OTHER NAMES:Red-backed Quail, Black-backed Quail.
The Red-backed Button-quail is the smallest and most cryptic of the Australian button-quail. Usually encountered in small parties of around 5 birds, this bird lives in pockets of damp or rank grassland or herbfields. Red-backed Button-quail may be either sedentary or nomadic, depending on the availablity of suitable habitat. Some habitats form and disappear with the onset and retreat ofwet periods. Hence in the Top End where rank grasslands tend not to persist but occur seasonally, the Red-backed Button-quail tends to be nomadic, whereas in the south of its distribution it is more sedentary as its habitat there tends to be permanent.
most other birds, in the case of button-quail, the female of this species is the
largest and most colourful. She has a dusky grey crown and back with paired dark
stripes separated with a white line. Each feather is mrked with black and edged
in a cream-buff. The breast, face and throat are a rusty brown, with a duller
brown extending to the side of the neck and flanks. The belly is white and the
bill and feet yellow.
Males resemble females but have more defined black markings and edging to each feather, the face is buff, he lacks the rusty-brown colouration of the female and has a grey-black bill. In addition to this, he is also comparatively smaller than the female.
Immatures resemble males but are generally paler in overall colouration. Downy young are dusky on the back with creamy stripes running centrally and laterally along the body.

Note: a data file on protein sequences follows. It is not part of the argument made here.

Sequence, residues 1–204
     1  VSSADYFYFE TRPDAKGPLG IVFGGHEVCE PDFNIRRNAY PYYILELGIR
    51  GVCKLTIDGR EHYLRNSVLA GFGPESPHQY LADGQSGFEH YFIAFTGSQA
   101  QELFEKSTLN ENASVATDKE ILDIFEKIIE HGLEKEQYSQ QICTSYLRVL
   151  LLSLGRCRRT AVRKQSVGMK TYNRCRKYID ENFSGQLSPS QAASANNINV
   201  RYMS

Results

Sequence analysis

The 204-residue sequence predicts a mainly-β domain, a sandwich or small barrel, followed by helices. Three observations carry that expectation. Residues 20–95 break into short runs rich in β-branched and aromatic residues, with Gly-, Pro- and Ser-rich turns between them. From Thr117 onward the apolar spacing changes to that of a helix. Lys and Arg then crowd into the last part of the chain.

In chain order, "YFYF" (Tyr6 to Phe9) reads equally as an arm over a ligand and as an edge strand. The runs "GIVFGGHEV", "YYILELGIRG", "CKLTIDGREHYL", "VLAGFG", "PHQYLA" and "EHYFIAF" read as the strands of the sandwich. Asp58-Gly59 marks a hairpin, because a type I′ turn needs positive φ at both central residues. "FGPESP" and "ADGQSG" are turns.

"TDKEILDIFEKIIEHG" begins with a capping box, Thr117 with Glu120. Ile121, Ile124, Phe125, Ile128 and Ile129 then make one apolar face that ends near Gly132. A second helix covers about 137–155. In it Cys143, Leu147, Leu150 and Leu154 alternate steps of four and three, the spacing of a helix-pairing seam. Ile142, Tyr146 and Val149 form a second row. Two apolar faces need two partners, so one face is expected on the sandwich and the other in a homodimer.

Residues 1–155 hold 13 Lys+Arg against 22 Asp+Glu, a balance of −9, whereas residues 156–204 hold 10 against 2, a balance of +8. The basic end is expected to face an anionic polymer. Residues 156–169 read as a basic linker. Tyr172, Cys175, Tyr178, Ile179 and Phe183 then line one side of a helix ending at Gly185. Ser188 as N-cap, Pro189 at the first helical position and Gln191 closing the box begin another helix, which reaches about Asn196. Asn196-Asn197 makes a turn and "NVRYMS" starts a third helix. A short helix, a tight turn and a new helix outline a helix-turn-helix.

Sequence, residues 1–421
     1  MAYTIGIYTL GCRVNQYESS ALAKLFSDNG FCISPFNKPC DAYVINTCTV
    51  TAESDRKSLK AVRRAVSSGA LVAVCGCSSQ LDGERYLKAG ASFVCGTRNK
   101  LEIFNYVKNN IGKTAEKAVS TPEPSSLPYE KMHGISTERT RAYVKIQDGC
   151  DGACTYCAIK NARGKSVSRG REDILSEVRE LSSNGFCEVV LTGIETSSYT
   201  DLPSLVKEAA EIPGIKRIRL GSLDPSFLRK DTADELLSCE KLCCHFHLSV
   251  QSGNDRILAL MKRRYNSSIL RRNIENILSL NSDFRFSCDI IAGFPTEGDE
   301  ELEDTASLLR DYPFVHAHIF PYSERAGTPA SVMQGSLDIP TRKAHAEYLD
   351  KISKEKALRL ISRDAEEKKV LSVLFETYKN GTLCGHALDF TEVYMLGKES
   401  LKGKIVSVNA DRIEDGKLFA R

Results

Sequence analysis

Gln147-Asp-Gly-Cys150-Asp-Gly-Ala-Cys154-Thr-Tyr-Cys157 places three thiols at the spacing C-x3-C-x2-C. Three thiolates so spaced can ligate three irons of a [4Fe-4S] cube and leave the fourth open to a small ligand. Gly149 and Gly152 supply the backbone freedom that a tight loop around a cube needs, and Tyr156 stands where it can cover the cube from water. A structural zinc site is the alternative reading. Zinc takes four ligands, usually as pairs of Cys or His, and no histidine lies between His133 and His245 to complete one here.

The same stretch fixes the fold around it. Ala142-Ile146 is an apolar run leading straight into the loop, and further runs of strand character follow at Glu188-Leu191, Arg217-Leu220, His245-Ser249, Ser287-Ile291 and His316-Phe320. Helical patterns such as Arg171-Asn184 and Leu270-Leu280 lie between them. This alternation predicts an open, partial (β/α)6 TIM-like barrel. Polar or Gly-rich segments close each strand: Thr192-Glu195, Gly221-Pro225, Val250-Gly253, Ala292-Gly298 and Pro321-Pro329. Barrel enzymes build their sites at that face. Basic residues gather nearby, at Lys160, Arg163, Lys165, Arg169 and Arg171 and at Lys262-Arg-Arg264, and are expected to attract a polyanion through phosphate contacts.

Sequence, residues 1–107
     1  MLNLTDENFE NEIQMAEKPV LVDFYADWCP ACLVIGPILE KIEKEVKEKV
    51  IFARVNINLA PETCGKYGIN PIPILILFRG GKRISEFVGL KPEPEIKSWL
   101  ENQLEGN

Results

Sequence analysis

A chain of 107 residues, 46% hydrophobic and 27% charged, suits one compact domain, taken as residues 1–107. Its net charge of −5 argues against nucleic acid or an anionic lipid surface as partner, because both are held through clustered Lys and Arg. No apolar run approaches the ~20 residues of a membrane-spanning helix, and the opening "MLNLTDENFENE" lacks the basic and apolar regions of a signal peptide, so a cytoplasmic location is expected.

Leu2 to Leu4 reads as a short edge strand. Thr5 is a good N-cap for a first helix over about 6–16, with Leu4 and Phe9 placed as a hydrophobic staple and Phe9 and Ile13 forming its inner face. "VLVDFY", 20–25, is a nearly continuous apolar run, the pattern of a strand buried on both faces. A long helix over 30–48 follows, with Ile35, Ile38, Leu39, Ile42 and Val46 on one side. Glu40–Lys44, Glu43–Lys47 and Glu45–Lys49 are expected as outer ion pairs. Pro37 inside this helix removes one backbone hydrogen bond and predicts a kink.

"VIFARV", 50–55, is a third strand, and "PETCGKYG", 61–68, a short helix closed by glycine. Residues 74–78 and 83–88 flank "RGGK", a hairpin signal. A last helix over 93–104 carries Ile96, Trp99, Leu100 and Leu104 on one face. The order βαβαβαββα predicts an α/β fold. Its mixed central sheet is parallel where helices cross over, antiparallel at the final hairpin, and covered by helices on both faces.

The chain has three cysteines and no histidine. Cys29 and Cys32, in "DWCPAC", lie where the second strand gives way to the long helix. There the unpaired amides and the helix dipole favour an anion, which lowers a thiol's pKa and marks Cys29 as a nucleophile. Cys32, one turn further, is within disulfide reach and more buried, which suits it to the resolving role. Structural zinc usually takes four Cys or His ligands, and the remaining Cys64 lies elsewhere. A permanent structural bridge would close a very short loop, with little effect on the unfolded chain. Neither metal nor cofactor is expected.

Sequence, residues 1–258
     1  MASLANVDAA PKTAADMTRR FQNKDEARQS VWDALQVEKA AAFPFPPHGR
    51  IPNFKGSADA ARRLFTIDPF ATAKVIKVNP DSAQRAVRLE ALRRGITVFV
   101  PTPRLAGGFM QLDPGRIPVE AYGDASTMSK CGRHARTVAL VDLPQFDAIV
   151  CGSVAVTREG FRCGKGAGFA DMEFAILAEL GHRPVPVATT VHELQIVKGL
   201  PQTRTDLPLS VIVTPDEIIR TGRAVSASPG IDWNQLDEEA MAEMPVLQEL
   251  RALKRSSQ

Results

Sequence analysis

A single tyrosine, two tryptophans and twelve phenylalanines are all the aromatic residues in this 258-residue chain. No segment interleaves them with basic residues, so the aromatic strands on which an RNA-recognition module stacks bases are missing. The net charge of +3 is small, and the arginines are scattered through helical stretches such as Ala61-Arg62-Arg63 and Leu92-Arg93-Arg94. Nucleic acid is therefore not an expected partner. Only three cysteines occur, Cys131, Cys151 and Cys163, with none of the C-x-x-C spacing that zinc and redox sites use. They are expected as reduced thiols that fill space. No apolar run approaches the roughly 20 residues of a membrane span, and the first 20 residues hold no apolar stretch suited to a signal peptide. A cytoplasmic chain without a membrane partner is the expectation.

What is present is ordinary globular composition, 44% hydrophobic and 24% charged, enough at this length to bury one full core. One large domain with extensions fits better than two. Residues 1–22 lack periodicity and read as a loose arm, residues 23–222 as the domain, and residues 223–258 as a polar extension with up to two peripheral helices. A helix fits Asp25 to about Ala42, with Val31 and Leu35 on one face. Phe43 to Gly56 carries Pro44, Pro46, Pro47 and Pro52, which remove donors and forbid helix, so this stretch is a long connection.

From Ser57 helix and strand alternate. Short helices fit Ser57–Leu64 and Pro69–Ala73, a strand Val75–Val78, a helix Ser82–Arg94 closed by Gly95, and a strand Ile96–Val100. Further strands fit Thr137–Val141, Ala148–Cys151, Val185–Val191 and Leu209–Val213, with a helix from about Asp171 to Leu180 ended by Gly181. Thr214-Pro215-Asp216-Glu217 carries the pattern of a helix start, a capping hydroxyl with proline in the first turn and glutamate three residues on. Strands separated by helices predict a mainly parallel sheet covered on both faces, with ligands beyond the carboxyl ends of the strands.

Length: Male 120-130mm; Female 130-140mm
to moderately abundant
Threatening processes include the clearing of habitat for pasture and cropping. Its terrestrial habits also predicate it to being vulnerable to predation by introduced predators such as cats and foxes.
northern australia. Occaisionally found as far south as the south coast of NSW
and central Victoria.
Also occurs from Philippines to Papua New Guinea and the Solomon Islands.
Damp rank grassland and dense herbfields.
Greens (herbage) seeds of grasses and insects.
mainly from October to July and co-incides with peak insect abundance. The nest
is a shallow scrape under a grass tussock or similar shelter and is lined with
fine grass. Surrounding grass stems are usually bent in such a way as to form a
roof or canopy with an entrance to the nest to one side.
Sex roles are reversed in this species, and hence the male constructs the nest incubates the eggs and rears the young, whilst the female booms in courtship and defends the breeding territory.
In captivity Red-backed Button-quail will readily nest on the ground. As is the case for other quail, thick shrubbery or (preferably) tussock grasses will help to provide the shelter and security they require.
Has been reported to be attained in as little as four months.
Is performed by the female and simply consists of booming by the female within the nesting territory.
to 5 dull white sometimes finely speckled eggs (17x22mm). Incubation period: 14
The young leave the nest almost immediately after hatching. At around 2 weeks, the young are able to fly and usually begin to leave the breeding area at this time.
Mutations and Hybrids: